[4]/ Special permission would be needed at the Secretary or Undersecretary level and the Employer is willing to submit the Union’s proposal for a determination by higher-level decision makers authorized to implement the Union’s request.  There is precedent for such a resolution.  In another dispute, where management lacked the discretion to implement a Union proposal, the matter was settled when the parties agreed that the Employer would forward a Union request to higher authority for determination.  Deviations from excluding Federal civilian employees from access to Commissaries typically have been limited to those who reside on an installation in the U.S. when it is impractical for them to procure supplies from other sources and the authorization of Commissary access would not impair the efficient operations of the installation.  The Union’s proposal, however, does not fall within any exception.   


There are also economic reasons why most Federal civilian employees are not granted permission to shop at base Commissaries. Congress intended that Commissaries would be a benefit for military personnel who are typically compensated at lower levels than Federal civilian employees.  Unlike Exchange services,[5]/ Commissaries are “subsidized” by Congressionally-appropriated funds which allows DoD to offer lower prices to customers.  It is not in the interest of Commissary operations to increase the customer base because doing so would require additional funding from appropriated sources for commodities and infrastructure.  Products are sold at cost, plus a small surcharge percentage, to cover overhead.  Adding over 1,500 employees to the Commissary’s customer base would require a significant increase in appropriated funding for base operations at a time when budgets for DoD entities are likely to be reduced substantially. 

As to the Union’s contention that bargaining unit employees do not have sufficient access to food, employees already have “innumerable” options to have food delivered to their offices at lunchtime or walk to nearby eateries.  In any event, the Commissary generally sells groceries, not ready-to-eat lunch food.  There are many alternatives for employees to shop for groceries at “big-box stores” close to the base whose hours are not as limited as the Commissary’s and where no sales tax on food, groceries or personal/health items is levied by the state of New Hampshire. 


After carefully reviewing the arguments and evidence presented, we are not persuaded that either party’s proposal provides a reasonable basis for resolving the impasse.  In our view, a decision to adopt the Employer’s proposal essentially would be a meaningless gesture because the Employer does not intend to support employee access to the Commissary. The Union, on the other hand, has not demonstrated a need to change the status quo given that the record reflects that adequate opportunities currently exist for employees to purchase food on base for lunch or to have food delivered to their worksites. Furthermore, the Union’s interest in this matter appears to have less to do with the purchasing of fresh food at lunchtime than to be a vehicle for allowing employees to buy groceries that cost less.  In this regard, the record also reflects that there are large commercial grocery stores within reasonable proximity to the base where employees can shop.  Thus, we see no need to permit employees to have access to the Commissary when there are sufficient food-shopping alternatives at existing stores.  Furthermore, commissaries are supported by appropriated funds that subsidize food prices for the primary benefit of members of the military, which means that adopting the Union’s proposal would involve higher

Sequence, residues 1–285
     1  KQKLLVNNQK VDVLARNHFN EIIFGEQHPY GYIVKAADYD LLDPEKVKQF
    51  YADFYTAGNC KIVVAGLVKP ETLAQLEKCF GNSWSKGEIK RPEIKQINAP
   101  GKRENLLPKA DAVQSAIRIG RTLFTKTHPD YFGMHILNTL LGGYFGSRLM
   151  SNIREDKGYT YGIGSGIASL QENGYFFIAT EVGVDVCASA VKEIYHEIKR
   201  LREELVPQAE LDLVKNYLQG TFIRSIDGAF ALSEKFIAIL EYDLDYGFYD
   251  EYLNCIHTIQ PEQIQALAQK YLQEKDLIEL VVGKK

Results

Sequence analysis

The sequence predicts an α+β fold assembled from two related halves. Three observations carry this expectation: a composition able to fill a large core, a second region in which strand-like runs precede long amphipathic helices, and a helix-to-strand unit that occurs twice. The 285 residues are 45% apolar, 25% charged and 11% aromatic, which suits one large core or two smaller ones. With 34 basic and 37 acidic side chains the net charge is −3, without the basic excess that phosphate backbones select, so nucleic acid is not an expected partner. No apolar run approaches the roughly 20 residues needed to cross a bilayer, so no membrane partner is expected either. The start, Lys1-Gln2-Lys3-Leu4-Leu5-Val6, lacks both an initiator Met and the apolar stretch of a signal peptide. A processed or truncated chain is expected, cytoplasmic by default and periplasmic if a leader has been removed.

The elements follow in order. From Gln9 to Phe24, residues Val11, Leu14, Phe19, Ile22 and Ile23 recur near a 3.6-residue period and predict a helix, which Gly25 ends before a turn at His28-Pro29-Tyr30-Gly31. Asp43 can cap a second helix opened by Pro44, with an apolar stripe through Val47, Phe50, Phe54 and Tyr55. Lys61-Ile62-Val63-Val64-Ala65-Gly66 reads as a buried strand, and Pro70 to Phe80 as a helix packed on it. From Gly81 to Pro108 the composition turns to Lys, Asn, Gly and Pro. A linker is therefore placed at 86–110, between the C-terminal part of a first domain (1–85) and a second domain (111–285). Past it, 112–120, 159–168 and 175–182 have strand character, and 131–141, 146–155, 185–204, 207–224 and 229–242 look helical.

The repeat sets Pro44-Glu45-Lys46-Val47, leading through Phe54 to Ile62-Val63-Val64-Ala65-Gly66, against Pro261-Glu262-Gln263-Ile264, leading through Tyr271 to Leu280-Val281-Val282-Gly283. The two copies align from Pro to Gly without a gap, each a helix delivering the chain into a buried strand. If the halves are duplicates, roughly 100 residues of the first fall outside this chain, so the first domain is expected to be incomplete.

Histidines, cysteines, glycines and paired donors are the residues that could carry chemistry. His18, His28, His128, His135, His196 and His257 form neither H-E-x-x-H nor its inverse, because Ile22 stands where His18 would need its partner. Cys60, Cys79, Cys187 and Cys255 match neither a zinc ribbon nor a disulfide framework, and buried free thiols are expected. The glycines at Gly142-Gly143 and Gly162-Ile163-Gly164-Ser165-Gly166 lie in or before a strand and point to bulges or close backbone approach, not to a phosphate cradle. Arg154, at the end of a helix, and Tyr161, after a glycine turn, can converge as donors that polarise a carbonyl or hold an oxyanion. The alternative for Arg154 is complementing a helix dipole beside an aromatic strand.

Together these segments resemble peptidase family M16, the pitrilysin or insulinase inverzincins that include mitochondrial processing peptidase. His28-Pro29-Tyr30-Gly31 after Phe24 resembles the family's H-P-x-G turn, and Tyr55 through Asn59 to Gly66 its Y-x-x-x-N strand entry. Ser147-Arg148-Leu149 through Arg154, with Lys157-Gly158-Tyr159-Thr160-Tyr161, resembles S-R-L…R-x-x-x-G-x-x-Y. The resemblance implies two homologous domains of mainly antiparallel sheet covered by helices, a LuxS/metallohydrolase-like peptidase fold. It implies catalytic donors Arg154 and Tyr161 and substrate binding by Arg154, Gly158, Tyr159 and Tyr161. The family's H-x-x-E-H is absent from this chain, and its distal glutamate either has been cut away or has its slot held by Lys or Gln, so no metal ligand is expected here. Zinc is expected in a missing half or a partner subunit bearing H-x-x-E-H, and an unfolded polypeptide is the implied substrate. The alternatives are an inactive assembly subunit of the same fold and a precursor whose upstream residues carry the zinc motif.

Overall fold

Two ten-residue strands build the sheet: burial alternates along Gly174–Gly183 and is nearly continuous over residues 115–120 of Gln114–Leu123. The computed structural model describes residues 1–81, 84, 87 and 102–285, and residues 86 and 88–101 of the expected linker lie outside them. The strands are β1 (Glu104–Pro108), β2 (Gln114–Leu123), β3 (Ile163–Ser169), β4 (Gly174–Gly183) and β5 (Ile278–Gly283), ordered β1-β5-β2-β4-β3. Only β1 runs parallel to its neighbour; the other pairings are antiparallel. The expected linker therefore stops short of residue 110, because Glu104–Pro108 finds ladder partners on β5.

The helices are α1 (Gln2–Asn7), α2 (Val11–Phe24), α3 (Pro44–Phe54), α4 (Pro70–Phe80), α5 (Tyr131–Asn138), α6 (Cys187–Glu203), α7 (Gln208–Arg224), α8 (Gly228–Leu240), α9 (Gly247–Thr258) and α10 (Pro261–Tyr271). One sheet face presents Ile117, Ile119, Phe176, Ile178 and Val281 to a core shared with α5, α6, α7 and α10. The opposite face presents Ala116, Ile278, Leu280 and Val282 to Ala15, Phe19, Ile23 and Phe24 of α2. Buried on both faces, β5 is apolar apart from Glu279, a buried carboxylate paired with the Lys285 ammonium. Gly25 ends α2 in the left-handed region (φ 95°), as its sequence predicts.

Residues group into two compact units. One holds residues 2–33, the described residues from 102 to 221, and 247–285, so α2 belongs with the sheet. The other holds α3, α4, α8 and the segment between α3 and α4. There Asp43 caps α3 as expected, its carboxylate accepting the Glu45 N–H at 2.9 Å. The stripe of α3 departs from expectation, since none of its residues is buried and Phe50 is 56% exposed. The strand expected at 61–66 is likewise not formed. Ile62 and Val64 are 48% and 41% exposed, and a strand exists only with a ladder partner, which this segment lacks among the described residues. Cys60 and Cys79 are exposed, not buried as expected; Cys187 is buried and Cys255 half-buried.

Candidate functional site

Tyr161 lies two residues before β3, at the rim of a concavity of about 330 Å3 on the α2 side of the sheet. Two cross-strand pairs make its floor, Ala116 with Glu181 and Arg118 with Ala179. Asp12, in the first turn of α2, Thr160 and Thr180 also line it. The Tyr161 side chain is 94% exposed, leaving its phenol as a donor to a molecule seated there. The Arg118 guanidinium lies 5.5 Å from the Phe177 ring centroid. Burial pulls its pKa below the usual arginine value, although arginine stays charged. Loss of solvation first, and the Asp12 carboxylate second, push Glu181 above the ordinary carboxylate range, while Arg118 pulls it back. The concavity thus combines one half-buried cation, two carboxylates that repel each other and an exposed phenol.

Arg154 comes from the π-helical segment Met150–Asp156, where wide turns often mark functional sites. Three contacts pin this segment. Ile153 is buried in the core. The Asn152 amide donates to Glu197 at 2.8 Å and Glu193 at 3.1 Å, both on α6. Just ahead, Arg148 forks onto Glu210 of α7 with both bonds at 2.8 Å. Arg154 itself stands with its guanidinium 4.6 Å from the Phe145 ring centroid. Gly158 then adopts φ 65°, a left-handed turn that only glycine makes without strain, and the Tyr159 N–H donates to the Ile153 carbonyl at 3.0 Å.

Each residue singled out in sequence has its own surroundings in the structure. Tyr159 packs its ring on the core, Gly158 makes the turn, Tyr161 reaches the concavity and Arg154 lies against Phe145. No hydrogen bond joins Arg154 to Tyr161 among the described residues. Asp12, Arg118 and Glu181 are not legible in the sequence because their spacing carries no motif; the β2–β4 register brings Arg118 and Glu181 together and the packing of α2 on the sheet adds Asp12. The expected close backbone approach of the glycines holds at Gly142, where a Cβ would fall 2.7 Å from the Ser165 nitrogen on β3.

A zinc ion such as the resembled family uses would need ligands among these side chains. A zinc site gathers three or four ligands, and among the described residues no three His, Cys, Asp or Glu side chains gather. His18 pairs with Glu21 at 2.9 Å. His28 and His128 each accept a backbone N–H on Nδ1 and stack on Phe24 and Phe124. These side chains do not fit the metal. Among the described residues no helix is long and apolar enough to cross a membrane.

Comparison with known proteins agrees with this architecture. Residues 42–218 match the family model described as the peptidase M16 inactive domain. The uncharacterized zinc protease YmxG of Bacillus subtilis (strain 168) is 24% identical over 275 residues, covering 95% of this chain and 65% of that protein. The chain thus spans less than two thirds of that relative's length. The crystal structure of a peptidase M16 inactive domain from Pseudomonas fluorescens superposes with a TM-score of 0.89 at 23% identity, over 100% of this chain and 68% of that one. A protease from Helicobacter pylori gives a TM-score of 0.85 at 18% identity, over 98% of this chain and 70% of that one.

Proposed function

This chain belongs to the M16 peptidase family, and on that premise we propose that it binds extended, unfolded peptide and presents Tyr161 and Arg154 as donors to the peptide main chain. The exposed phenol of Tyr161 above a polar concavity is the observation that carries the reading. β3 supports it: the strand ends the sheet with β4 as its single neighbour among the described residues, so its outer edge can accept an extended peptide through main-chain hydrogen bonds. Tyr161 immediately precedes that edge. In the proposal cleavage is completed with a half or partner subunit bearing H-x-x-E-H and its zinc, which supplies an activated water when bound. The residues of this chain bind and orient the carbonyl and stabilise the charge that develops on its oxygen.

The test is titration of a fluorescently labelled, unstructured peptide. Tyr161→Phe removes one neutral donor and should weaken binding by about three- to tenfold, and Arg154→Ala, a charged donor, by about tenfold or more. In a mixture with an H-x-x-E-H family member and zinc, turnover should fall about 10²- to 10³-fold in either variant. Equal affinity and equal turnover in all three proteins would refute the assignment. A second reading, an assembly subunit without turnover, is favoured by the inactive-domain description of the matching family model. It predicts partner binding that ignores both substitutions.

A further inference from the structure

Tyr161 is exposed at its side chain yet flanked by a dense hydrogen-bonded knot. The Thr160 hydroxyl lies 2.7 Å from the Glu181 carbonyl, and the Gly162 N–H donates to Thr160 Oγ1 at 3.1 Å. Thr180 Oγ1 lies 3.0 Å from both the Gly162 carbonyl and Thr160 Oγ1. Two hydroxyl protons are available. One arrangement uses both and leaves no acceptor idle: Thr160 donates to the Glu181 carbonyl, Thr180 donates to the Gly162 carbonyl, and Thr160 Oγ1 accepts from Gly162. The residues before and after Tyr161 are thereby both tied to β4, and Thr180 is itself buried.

costs[MJ2] .  Finally, while the Union claims that an inequity exists because employees who work at the Commissary in another bargaining unit it represents are allowed to shop there[MJ3] , the record reveals that this was authorized not through negotiations with the Union but, rather, under an exception in the DoD Instruction that permits employees who work at commissaries to have limited shopping privileges.[6]/ Accordingly, we shall order the parties to withdraw their proposals.


Pursuant to the authority vested in it by the Federal Service Labor-Management Relations Statute, 5 U.S.C. § 7119, and because of the failure of the parties to resolve their dispute during the course of proceedings instituted under 5 C.F.R. § 2471.6(a)(2) of the Panel’s regulations, the Federal Service Impasse Panel under 5 C.F.R. § 2471.11(a) of its regulations hereby orders the parties to withdraw their proposals.

 By direction of the Panel.



H. Joseph Schimansky

Executive Director


January 11, 2013

Washington, D.C.

[1]/   Following receipt of the Union’s rebuttal statement, the Employer moved to strike from the record the discussion sections of documents attached to the Union’s rebuttal.  The Employer alleged that the information contained therein essentially allowed the Union to provide additional argument that exceeded the 2-page limitation for the parties’ rebuttal statements.  Having carefully considering the Employer’s objections, its motion to strike is hereby denied.  In this regard, the Panel has given the Union’s submissions the appropriate weight accorded to unsworn statements. 

[2]/   The Union also represents a separate bargaining unit which consists of approximately 17 employees who work at the Commissary and, by virtue of their employment, are afforded limited shopping privileges.

[3]/   While the Employer would agree to forward to the appropriate decision makers the Union’s request for Commissary access, it has stated that it would be “unable to endorse” such a request.


[4]/   Employees who work at the Commissary are permitted, on a limited basis, to make purchases at the Commissary because the Instruction specifically authorizes such access.

[5]/   Base Exchanges are more akin to commercial stores such as Kmart, Target or Wal-Mart.  Exchanges are non-appropriated fund instrumentalities that must remain profitable in order to continue operations.  Thus, a broader customer base for an Exchange would contribute to profitability as the commodities sold are not heavily subsidized.

[6]/   DoD Instruction 1330.17, October 8, 2008, Enclosure 4, Section 2, Commissary Access, paragraph k, states:

DeCA Employee Commissary Privileges.  DeCA Personnel assigned to commissary stores within the United States may purchase commissary products, excluding tobacco products, from the commissary store where they are assigned, for personal consumption during meals and other authorized breaks within their scheduled working hours.